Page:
What Epimenides Said

Among the unaccountable peculiarities of this diary, and indeed of my general wav of seeing things, is that one can never expect to learn something of Capri from my impressions of Capri. And yet, I keep asking as though to placate myself, why should it be otherwise? I am aboard the Stamos with a group of friends who had foregathered at a beachfront villa in Sabaudia and then sailed the 90-foot catamaran—built to race in the Americas Cup—to Ponza, Ischia, and Capri. I don't know anything about sailing apart from the Dutch naval terms that entered the Russian language at the time of Peter the Great. I don't know any more about the Amalfi Coast than any sunburnt accountant who has ever eaten the insalata caprese or appeased his girlfriend with a pair of Capri pants in cerulean cotton twill. The sea is blue and warm, obviously. The coast, as anyone who has seen the Bay of Naples on the wall of a pizzeria can recall, is rocky and picturesque. The mozzarella is delicious, and the girls are buxom. So, what is there to say?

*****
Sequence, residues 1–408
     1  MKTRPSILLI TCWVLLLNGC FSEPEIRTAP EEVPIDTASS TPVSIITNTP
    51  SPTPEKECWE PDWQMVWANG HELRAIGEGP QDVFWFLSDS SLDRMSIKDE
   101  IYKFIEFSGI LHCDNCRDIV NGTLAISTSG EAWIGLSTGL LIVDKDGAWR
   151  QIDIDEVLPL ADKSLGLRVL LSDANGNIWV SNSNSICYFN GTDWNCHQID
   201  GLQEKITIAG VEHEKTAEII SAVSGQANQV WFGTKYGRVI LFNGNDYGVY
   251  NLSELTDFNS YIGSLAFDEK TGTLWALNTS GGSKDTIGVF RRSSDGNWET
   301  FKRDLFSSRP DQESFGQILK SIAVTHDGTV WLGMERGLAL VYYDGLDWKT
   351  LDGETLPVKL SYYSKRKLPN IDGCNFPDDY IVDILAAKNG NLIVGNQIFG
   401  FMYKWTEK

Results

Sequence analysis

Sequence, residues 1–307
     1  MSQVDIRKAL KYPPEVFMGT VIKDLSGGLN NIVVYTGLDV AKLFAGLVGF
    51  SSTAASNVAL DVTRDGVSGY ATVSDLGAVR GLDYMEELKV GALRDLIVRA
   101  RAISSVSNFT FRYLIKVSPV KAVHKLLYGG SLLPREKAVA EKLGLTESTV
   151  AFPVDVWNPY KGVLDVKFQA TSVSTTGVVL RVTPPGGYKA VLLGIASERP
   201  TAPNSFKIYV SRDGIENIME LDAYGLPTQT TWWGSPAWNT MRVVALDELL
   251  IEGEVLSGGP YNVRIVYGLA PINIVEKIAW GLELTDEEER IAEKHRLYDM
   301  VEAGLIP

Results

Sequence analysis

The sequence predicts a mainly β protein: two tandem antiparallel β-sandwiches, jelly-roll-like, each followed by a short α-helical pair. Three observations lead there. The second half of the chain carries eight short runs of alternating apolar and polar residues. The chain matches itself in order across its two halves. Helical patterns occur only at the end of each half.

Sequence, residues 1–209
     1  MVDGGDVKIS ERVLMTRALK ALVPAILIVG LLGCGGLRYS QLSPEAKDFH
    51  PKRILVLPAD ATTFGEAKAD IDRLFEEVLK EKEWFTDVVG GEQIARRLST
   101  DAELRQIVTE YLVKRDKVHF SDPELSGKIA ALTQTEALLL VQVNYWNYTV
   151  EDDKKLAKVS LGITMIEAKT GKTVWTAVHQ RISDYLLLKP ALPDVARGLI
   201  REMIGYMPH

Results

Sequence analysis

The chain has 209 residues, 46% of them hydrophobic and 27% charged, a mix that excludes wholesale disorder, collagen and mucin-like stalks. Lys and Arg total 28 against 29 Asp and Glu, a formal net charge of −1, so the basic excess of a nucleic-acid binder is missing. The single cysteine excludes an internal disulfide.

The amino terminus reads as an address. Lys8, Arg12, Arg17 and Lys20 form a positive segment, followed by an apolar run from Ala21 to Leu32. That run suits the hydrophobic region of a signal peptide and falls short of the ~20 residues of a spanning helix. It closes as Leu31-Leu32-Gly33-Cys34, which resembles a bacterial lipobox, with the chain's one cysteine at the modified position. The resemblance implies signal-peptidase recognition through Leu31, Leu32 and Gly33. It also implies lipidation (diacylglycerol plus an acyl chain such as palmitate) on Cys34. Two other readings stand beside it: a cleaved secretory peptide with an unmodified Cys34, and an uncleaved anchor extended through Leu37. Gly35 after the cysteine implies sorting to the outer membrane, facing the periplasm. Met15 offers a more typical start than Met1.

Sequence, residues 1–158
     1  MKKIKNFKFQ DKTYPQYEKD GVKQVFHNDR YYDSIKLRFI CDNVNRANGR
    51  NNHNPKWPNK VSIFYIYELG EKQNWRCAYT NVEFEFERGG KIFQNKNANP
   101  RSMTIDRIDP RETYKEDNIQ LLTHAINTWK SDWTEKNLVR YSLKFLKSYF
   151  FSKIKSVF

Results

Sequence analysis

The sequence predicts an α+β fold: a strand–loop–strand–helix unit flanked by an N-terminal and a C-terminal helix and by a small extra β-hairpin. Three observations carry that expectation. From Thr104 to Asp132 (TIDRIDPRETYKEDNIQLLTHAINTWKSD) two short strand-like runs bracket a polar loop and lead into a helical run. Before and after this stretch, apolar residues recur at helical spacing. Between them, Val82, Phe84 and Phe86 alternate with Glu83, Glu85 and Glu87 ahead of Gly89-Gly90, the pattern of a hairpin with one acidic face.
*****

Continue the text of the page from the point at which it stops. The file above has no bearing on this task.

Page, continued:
Besides, my mind is back in Venice, where I just learned that our landlady at the Palazzo Mocenigo, the young contessa with the lawyer whose verbs are always in a mysterious mood, does not intend to renew our lease when it expires in the autumn. I now need to find another place to live, one that would be cheap enough not to alienate myself from the affections of friends yet grand enough...

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